Putting Gurudeva's Teachings to the Best Use, Part 5
Satguru Bodhinatha Veylanswami , 2003-11-11
Bodhinatha continues his Gurudeva mahasamadhi observances class with this part on how to explain the purpose of Hinduism to non-HindusHinduism teaches us how to become a better person, improve our behavior and live as spiritual beings on this Earth. The working title for Bodhinatha's eleven classes during the upcoming India Odyssey Innersearch program is "Becoming a More Spiritual Person" through applying Hindu philosophy, principles and metaphysical tools to our life. It's all about the practical things you can do to refine how you are applying the teachings in your life.
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Questions? Bodhinatha is the successor of "Gurudeva," Satguru Sivaya Subramuniyaswami. If you have questions on subjects about spiritual life you will find answers in Gurudeva's books and teachings. Learn about ways to study these teachings by visiting The Master Course site or writing to email@example.com.
One last topic. This is a point I often use and it is going to relate to the Innersearch Study Program. I will just explain the point.
Have you ever tried to explain to another what the purpose of our Hindu practices was? Tried to explain Hinduism to somebody who does not understand it? Have you ever been successful in explaining Hinduism to someone who does not understand it?
Usually, we explain things in too complicated a way. Quite often, I have to give a talk to a non-Hindu group and explain Hinduism. We have a nice group that comes regularly. Billy's group, a metaphysical group that comes. So they are very open and all. But, you start throwing terms - dharma, karma, samsara, moksha - and they are lost.
You cannot do that , so what I say here is, of course, we can offer a philosophical answer such as, the purpose of Hinduism is to resolve our karma, realize God and be liberated from reincarnation. That is the right answer, right? But if you are talking to a child or someone that does not understand the terminology, it does not make any sense at all. Therefore, I found a simple answer, that anyone can understand. It says the same thing in three different ways.
Hinduism teaches us, how to become a better person.
Everyone can understand that. Hinduism teaches us how to become a better person. We are trying to improve and become a better person, improve our behavior.
Live as spiritual beings on this Earth.
That is what Hinduism is about. It is surprising if you say it like that, people say, "Oh, I want to do that too! That sounds great. I want to be a spiritual being. I want to improve my behavior."
It is a nice definition, it relates to this last one. I have a working title for my upcoming India classes. This is an Ad to go on the Odyssey, anyone that has not signed up! But it also shows you what I am working on. I am trying to get a series based on this principle. The working title, and we tried this out at Guru Purnima and it worked out very well, this principle. The working title is, 'Becoming a More Spiritual Person', through applying Hindu philosophy, principles and metaphysical tools to our life. That is what we are working on for the India program. I have eleven classes on the India program. But I found that if I did a series I could give it anywhere. It could be a very interesting approach because quite often you go to lectures and they are not practical. You go out singing 'Jiva is Siva', it is not going to help you be a better person. As soon as you quiet down, you will be yourself again. You have not taken out something specific that you have applied to your life. You have not said, "Okay, I realize I have to do this a little differently in order to really conform with the Yama of Ahimsa. I am kind of breaching it, in terms of how I talk to people. I am being nasty sometimes, that is harmful. I am harming people with my words."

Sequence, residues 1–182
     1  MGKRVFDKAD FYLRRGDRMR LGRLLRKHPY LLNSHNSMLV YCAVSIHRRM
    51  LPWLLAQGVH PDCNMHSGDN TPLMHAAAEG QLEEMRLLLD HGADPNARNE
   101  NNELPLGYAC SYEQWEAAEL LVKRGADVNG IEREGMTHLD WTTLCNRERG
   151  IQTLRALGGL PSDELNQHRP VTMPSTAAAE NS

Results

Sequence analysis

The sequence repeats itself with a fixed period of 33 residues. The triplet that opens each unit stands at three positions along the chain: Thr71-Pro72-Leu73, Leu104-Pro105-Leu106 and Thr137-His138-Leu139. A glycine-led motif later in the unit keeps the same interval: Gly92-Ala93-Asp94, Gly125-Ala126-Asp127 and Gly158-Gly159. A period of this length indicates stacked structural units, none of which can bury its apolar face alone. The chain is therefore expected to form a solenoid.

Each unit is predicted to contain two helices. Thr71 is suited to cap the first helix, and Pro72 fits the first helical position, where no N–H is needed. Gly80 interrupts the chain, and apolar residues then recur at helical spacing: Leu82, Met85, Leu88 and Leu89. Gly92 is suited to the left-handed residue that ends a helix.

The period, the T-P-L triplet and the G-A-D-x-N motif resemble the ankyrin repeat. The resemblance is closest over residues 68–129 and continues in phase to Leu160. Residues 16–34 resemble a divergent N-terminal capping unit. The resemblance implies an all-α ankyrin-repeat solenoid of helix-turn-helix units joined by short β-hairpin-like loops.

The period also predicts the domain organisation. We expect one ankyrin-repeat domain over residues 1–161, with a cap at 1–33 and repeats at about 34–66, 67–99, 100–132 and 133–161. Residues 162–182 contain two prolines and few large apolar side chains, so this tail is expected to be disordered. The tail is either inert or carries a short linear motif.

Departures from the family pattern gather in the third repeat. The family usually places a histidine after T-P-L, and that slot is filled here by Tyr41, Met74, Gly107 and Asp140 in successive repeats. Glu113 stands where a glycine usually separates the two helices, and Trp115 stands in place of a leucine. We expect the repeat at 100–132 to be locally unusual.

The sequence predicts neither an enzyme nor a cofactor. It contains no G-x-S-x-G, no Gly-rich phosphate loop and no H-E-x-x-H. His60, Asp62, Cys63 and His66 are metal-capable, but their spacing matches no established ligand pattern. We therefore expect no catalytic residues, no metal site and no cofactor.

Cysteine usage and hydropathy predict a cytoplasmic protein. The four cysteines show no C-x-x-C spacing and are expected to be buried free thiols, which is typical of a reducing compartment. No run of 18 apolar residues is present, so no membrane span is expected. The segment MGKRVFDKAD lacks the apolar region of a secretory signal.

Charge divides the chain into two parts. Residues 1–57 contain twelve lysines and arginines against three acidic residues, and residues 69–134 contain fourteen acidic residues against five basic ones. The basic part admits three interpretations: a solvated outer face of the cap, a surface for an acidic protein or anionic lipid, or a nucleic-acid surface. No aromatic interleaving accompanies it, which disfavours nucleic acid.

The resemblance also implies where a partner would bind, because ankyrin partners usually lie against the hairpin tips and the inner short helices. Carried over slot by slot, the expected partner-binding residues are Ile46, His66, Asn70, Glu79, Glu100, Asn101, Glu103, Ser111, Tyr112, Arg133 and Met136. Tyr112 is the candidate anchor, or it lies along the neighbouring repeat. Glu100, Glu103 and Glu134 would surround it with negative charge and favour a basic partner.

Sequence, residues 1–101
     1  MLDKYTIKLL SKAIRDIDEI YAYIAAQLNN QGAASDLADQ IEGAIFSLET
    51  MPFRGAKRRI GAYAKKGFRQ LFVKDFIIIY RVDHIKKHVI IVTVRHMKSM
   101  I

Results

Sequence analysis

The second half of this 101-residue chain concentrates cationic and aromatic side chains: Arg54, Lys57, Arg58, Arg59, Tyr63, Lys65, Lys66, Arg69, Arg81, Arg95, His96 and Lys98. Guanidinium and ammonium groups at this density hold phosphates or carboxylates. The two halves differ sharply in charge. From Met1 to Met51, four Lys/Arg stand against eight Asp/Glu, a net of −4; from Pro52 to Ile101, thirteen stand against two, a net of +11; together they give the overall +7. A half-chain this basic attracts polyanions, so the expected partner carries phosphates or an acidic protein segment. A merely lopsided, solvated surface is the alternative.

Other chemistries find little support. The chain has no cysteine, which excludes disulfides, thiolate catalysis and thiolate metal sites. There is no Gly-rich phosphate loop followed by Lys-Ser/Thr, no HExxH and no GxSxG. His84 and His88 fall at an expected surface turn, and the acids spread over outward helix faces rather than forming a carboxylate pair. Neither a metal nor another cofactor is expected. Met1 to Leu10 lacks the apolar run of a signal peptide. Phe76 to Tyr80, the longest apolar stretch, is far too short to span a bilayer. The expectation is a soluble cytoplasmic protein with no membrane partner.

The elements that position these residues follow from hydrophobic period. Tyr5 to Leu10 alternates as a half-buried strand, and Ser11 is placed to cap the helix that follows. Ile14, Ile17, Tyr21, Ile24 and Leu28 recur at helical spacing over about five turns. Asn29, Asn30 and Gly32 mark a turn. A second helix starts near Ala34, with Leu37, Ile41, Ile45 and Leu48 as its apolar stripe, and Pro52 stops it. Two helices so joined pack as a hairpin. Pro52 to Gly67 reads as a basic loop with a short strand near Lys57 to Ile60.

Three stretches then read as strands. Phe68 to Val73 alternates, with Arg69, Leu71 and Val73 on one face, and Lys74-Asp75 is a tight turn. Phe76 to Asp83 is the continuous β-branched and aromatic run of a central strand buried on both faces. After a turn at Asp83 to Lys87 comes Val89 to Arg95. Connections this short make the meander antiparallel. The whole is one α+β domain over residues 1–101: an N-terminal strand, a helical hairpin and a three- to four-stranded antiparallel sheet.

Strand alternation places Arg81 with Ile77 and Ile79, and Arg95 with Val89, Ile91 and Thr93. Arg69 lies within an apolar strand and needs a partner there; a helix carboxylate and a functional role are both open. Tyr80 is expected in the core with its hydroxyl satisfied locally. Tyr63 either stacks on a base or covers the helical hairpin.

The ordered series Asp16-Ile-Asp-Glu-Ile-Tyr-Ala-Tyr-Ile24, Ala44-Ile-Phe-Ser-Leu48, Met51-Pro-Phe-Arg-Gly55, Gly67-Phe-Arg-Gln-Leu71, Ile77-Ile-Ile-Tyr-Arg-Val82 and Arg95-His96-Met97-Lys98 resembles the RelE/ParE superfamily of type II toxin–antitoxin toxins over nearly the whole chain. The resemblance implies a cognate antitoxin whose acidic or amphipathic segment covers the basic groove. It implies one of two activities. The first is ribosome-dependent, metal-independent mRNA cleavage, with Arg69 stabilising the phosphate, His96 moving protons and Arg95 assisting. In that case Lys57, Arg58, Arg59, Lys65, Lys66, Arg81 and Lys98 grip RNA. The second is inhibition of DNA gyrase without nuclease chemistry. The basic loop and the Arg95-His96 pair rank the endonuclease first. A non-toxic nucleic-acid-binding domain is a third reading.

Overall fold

That kind of understanding, a new application of a principle that you know very well to your life, refine them in your life. This is what we are striving for and that way we become a more spiritual person.
There is a nice example of that. I gave the talk in Concord to the members there, it was on Ahimsa. Gurudeva defines it so beautifully, "not harming others through thought, word or deed." Beautiful definition. I always say, it is easier to not harm others through deed, otherwise you would be in jail. May harm others with words occasionally and that is good to focus on and even your thoughts. I gave you some examples.
I was driving with someone and afterwards he said, "You know, when someone cuts in front of me on the freeway, I sure harm them with my thoughts."
He took it to a new level. He realized that he was having nasty thoughts towards this person and that was not in accord with Ahimsa, because the cardinal principle of Ahimsa is everything we think about someone should be designed to help them. We don't want to hinder people by thinking negative about them. But actually they feel the thoughts. They could get in an accident if they were a sensitive person.
So, even how we think about other people, needs to be in line with the principle of Ahimsa. It a subtlety, something you may not have thought about before.
In this kind of seminar, I say, you take that kind of principle and you apply it to your life. You refine your behavior, you figure out how to refine your behavior even more in that area, as a result. Therefore, you go out the door not singing 'Jiva is Siva', but with a concrete tool in your hand. It is written down on a piece of paper and you take it home. You have got something to make yourself a more spiritual person. You have found a weakness, an area in which you can improve. It is like a dancer, "Oh, I found new weakness in my technique. Now I can work on that and become a better dancer!"
Thank you very much.
Aum Namah Sivaya.